Weeks of rewrites emailed back and forth illuminate his uncanny inability to learn from Word’s spell check, my vehemently requested use of Grammarly, or the corrections I digitally volley from my desktop.
We have went to the South America again to stop the drug cartells and that was where we found our newest team member. Juan, call sign, “The Greacer.”
My solemn word to complete the job, coupled with already having spent his money, fuels months of editing misappropriations, misunderstandings, and mistakes slurring race, culture, and language. As broke as the first day cracking his novel and now far more suicidal, I proclaim the book finished, a seminal work, despite being far from anything remotely acceptable for publishing. Relying on his lack of skill to reinforce belief in my declaration, I convince him of his readiness to gift this magical story to a publisher. So begins my hard-fought freedom and his journey into rejection. Yet unsatisfied to just take his text and leave, he instead turns the injurious pittance I earned editing this novel into a final insult presented to me in his joyous-filled, approval-seeking question,
I thought writing a book would be a lot harder and more expensive, I guess I’m a natural, don’t you think?
Mistress Sandy’s Novel Editing Guide
You can learn joyfully or painfully. The choice is yours.
I. The Rules of Novel Writing
II. Concise Language
— Words Used Unnecessarily or Too Often
— Words used in passive voice or too often in past tense.
III. Comma Usage
— Commas with Conjunctions
— Commas WITHOUT Conjunctions
— Complex Sentences
— Compound Complex Sentences
— Dialogue Tags
— Action Tags
— No Tags
The Rules of Novel Writing
- You are not a novelist until Mistress Sandy says you’re a novelist.
- Good grammar earns rewards, while bad grammar incurs severe punishment.
- Proper punctuation will bring pleasure; be sure you punctuate correctly.
- Be creative or be flogged!
- Listening to the naysayers and incompetents will cause you to suffer the penalty of violation by household objects.
- The Mistress demands service, and that service is editing.
- You will finish your novel, or you will be paddled and humiliated.
- Consistency is the swing of the paddle as the Mistress beats the writing’s craft into your bare, amateurish ass.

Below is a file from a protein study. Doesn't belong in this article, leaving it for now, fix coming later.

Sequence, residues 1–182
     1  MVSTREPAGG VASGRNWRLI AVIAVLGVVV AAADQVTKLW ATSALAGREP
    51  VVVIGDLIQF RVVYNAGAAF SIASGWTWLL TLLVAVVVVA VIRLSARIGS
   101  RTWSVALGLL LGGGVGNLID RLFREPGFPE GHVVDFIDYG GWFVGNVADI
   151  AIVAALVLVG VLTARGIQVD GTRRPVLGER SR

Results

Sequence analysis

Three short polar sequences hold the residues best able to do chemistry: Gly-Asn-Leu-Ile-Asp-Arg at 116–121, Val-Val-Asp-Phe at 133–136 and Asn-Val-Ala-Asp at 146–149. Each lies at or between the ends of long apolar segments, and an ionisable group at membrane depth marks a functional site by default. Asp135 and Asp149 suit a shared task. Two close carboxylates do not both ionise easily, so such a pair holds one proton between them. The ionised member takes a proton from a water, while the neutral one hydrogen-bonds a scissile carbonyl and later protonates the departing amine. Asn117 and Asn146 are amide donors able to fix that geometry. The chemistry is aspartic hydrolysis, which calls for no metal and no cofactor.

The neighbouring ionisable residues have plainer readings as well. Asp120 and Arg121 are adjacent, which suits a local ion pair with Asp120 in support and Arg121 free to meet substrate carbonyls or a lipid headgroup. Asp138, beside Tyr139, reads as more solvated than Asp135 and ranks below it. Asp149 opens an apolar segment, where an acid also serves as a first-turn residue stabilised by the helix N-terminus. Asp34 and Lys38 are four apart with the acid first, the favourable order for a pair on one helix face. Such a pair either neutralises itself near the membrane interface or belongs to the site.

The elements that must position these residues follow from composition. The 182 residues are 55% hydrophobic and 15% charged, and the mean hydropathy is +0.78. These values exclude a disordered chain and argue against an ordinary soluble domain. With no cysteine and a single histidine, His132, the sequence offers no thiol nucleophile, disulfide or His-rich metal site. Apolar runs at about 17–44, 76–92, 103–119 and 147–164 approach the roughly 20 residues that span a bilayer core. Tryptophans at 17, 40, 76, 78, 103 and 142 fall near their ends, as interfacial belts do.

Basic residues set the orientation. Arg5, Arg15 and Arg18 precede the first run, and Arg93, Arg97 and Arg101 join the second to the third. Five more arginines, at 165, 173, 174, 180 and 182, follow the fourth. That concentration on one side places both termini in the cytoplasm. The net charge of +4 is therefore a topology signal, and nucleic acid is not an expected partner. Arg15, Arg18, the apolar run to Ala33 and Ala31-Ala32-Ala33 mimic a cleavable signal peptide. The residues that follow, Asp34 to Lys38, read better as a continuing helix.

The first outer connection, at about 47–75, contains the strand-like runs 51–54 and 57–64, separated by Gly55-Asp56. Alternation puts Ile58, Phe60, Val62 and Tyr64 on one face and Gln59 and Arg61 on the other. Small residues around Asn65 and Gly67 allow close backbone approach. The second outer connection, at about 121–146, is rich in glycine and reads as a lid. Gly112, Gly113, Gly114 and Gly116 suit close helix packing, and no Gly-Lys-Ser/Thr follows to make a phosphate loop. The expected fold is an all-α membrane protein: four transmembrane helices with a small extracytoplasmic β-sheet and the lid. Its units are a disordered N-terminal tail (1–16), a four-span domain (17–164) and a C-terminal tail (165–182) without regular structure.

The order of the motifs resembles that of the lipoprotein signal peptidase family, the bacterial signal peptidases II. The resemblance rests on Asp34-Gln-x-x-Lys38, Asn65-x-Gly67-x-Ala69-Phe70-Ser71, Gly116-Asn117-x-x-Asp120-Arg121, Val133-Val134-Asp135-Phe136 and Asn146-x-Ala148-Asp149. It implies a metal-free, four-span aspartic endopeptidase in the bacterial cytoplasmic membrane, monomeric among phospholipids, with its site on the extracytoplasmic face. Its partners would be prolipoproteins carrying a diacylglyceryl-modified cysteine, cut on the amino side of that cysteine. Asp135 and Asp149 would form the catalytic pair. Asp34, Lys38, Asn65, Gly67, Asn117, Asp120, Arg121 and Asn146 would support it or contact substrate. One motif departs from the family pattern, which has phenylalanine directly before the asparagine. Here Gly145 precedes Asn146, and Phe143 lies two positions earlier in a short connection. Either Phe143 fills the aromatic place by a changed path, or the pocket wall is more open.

- You’re unworthy of the Mistress, but showing her divine mercy, she leads you to a literary masterpiece, providing you work hard.
- You will pray to the divine craft of writing and kneel before its enforcer, Mistress Sandy, but to all readers, you shall reign supreme.
II. Concise LanguageWords Used Unnecessarily or Too Often
Absolutely, Actually, Asked, Basically, Began, Begin, Begun, Breath, Breathe, Certainly, Completely, Definitely, Down, Exhale, Feel, Felt, He, I, Inhale, It, Just, Literally, Nod, Ponder, Probably, Quite, Rather, Reach, Realize, Really, Replied, Said, She, Shrug, Somehow, Somewhat, Start, That, Than, Then, Think, Thought, Totally, Understand, Up, Very, Virtually, When, While, Wonder, AND ANY OTHER DIALOGUE TAG.
Mistress Sandy probed Vince with the dildo.
Mistress Sandy anally and orally probed Vince with the dildo.
Words used in passive voice or too often in past tense.
Has been, have been, is, was, were, would, having, would have, would have been.
Mistress Sandy’s ass was tempting me, but I absolutely knew that if I touched her ass without permission, I would have received a beating of such intensity that it would make me cry.
Mistress Sandy’s ass tempted me, but touching her ass without permission meant agony from an intense beating.
Listen, slave! Redundancy adds verbiage to writing and detracts from smooth reading. This problem can be difficult to detect so pay attention.
Don’t be a fool! These obvious redundancies generally occur when describing direction, motion, sound, or things emphasized in speech.
Redundant: Vince sat down on the dildo when commanded by Mistress Sandy.
Correct: Vince sat on the dildo when commanded by Mistress Sandy.
(“Down” is unnecessary since the only way to sit is downward.)
Terry Trueman quickly ran across the room to escape the whip.
(“Quickly” is unnecessary since “ran” implies speed.)